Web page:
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Related to meliorism: meliorist


 (mēl′yə-rĭz′əm, mē′lē-ə-)
1. The belief that the human condition can be improved through concerted effort.
2. The belief that there is an inherent tendency toward progress or improvement in the human condition.

[Latin melior, better; see mel- in Indo-European roots + -ism.]

mel′io·rist n.
mel′io·ris′tic adj.


(Philosophy) the notion that the world can be improved by human effort
[C19: from Latin melior better]
ˈmeliorist adj, n
ˌmelioˈristic adj


(ˈmil yəˌrɪz əm, ˈmi li ə-)

the doctrine that the world tends to become better or may be made better by human effort.
[1855–60; < Latin melior better + -ism]
mel′io•rist, n., adj.


the doctrine that the world tends to become better of itself, or that it may improve more rapidly by proper human assistance. Cf. optimism, pessimism.meliorist, n.melioristic, adj.
See also: Philosophy
the doctrine that the world tends to get better or may be made better by human effort. — meliorist, n., adj. — melioristic, adj.
See also: Improvement
ThesaurusAntonymsRelated WordsSynonymsLegend:
Noun1.meliorism - the belief that the world can be made better by human effortmeliorism - the belief that the world can be made better by human effort
belief - any cognitive content held as true
References in periodicals archive ?
Beginning with the Spanish American War, that civil religion inspired the "Progressive imperialism of the Teddy Roosevelt sort; Wilsonianism or liberal internationalism; Cold War containment; and global meliorism.
Progressives were divided into those who saw progressivism through the lens of "child study and development," those who were interested in promoting "social efficiency and industrial order," and those whose primary concern was "social meliorism and cooperation.
In the 1957 edition of The President: Office and Powers, Corwin offered a backhand compliment to his former student: "Professor Rossiter, whose work on The American Presidency became a classic on publication, teaches, in effect, that the presidency is pervaded with a principle of meliorism that guarantees that it will always be just right.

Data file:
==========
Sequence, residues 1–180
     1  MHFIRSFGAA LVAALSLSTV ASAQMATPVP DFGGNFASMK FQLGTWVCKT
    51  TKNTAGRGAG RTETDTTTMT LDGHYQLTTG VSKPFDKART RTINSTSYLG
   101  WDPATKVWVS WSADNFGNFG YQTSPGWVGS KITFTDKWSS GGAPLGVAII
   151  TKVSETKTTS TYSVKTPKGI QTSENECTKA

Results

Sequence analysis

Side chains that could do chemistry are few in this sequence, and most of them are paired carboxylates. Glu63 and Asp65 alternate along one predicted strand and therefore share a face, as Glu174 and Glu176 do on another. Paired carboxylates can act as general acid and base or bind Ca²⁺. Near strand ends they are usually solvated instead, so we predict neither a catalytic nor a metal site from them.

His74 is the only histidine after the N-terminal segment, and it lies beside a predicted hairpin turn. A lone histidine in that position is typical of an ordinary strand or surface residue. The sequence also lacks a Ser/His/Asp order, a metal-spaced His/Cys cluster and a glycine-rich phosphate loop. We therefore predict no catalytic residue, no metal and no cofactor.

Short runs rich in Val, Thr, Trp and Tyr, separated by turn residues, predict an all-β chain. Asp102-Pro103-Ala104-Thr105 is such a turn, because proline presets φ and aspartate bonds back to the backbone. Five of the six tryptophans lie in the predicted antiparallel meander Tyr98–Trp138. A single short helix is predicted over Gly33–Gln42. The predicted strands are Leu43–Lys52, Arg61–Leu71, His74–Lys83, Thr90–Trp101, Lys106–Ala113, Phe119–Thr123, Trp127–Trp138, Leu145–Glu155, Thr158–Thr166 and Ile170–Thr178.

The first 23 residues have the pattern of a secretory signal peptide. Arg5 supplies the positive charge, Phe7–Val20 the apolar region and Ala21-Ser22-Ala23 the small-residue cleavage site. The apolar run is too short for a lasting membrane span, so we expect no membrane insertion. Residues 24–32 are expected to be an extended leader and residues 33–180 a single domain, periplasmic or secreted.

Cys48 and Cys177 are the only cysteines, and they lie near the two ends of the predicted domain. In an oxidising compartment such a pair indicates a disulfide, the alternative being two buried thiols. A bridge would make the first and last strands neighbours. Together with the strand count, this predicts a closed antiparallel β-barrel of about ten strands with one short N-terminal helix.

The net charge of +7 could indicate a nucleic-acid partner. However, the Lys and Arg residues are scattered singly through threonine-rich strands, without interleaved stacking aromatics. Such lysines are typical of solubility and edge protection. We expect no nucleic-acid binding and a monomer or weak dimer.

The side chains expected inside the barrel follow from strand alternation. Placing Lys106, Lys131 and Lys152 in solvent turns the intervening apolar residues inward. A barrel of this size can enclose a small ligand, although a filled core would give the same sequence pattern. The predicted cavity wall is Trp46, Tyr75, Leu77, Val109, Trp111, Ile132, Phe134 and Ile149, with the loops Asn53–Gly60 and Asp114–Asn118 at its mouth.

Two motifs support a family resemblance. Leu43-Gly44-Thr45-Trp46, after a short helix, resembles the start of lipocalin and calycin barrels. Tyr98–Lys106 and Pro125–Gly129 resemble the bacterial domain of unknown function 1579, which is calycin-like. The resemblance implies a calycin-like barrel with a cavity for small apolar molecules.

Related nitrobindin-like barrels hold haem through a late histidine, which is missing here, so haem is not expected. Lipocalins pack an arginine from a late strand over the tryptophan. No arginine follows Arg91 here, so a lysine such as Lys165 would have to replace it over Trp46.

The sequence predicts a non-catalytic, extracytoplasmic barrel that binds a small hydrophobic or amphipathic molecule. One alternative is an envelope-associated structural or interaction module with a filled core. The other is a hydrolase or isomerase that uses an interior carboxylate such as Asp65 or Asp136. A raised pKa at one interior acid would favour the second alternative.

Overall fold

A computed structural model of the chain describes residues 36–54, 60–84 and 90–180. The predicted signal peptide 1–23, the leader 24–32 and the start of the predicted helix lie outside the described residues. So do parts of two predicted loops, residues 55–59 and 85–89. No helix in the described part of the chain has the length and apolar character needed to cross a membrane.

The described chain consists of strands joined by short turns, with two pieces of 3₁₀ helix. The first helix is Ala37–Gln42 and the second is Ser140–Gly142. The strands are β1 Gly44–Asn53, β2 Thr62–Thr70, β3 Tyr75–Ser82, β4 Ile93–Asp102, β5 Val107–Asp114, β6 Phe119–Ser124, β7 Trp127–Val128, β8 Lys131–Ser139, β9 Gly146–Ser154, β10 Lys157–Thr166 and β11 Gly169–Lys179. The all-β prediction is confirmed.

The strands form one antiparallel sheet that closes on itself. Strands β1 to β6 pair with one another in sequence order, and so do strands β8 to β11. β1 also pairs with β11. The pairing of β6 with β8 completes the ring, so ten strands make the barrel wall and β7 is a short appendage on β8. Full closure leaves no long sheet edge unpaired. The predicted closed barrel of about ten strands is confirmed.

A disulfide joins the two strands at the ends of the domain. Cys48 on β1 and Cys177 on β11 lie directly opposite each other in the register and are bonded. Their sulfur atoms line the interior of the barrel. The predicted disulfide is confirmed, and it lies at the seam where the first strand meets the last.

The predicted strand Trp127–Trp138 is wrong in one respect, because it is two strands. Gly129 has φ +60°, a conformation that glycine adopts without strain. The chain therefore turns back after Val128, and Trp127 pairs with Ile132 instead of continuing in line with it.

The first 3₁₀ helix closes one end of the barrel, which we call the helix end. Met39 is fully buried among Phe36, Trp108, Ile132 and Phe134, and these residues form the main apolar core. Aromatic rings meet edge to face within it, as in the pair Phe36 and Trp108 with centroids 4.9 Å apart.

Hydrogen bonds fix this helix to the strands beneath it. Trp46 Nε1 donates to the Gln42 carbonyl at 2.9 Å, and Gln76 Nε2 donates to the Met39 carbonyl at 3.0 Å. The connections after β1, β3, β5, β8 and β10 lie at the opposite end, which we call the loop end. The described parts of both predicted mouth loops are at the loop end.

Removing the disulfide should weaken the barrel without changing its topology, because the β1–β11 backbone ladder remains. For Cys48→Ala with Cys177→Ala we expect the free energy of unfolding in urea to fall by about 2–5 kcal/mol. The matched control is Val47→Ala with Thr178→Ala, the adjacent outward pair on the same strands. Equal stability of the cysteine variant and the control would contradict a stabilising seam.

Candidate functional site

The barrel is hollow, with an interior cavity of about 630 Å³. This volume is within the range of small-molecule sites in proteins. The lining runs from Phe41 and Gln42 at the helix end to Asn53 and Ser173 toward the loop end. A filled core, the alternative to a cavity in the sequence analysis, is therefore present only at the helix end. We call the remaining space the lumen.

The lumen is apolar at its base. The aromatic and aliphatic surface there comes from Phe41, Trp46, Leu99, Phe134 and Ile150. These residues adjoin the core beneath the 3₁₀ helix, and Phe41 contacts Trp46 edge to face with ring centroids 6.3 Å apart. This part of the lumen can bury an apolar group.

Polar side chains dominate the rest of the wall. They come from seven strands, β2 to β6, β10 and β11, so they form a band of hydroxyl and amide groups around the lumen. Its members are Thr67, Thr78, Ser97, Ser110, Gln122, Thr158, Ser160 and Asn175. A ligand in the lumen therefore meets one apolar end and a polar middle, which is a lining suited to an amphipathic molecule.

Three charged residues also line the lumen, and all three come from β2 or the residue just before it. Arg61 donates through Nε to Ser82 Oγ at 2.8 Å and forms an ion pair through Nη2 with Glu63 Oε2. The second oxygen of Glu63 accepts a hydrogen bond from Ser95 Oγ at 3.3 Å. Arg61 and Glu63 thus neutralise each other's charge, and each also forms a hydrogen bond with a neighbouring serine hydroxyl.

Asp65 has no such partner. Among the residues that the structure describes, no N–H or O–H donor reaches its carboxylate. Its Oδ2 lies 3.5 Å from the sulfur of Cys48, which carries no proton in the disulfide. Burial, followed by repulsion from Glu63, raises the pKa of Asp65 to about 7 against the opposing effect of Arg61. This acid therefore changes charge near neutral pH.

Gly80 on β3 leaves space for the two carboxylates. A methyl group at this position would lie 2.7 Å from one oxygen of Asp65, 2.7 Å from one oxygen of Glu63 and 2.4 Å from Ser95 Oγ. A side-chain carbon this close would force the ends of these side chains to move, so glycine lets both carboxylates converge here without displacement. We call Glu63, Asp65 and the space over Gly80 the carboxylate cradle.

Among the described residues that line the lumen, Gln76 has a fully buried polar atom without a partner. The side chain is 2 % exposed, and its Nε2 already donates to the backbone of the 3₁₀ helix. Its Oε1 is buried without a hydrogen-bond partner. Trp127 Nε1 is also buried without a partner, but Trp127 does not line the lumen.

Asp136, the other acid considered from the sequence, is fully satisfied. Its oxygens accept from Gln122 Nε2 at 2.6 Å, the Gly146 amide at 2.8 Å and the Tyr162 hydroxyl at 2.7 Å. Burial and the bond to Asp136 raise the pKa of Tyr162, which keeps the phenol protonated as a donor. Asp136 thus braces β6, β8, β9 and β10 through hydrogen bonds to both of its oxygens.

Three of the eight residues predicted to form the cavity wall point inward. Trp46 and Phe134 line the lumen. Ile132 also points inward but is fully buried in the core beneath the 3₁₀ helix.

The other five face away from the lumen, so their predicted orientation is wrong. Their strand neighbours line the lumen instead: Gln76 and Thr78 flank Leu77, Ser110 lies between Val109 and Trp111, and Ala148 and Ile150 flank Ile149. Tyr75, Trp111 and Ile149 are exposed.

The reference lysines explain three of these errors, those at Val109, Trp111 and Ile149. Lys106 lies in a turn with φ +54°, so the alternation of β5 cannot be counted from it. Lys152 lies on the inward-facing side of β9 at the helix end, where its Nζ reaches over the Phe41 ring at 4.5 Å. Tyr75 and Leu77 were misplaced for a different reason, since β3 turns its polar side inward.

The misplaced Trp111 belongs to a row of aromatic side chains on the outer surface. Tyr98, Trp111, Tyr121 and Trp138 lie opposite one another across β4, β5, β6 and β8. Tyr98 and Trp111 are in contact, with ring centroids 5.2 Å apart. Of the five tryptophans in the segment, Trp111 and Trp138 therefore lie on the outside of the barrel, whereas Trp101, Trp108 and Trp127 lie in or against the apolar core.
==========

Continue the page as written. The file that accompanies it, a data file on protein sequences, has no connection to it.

The alternative, a strict and narrow efficiency view of progress, was a fundamentally immoral one, as The School demonstrated by equating progressivist visions not grounded in social meliorism with Nazism; in the editorial article, the journal's editors argued that civic cooperation, social justice, and intelligent activity were hallmarks of democracy, whereas Nazi society submitted citizens to their rulers as if they were animals to be trained:
The leaders rejected the soft meliorism of more secular activists, the idea that significant progress could be made through consciousness-raising and education campaigns, through consensus and gradual reform.
Throughout the rest of the book, Stroud builds on his reading of Dewey by drawing a link between aesthetic experience and Dewey's corresponding projects of meliorism and growth.
Meliorism is defined as the acceptance of the "existing capitalist-individualist social order", while working within this frame work to correct certain abuses.
He describes the themes of the reforms in terms of specific orientations that interpreted them: active learning in the context of child study and developmental psychology; individualized instruction in terms of social efficiency and industrial order; and connecting schools to contemporary society, in the context of social meliorism, democratic education, and cooperation.
No meliorism resides in the second of these standards as it does in the first.
There was, of course, the other side concerning this issue, namely, the reformers who rejected this application of Darwinian thought in favor of political and social meliorism.
The conflict between optimism and gloom--between a forward-looking, New World meliorism and a much darker, more tragic and backward-looking vision which we might associate with Europe and the past (22)--is a familiar element of an American narrative tradition which owes as much or more to Hawthorne as it does to Emerson, but the Bascombe trilogy replays this long-running conflict in a new and distinctive way.
One potential solution is to regard pluralism and radical empiricism as two different names for the same philosophical position, a metaphysical worldview that entails a pluralistic as opposed to monistic view of the basic "stuff" or substances that compose reality (in other words, ontological pluralism, or the "each-form" view of reality) as well as a commitment to a pluralistic version of pantheism, (27) belief in a finite God, (28) panpsychism, (29) and meliorism.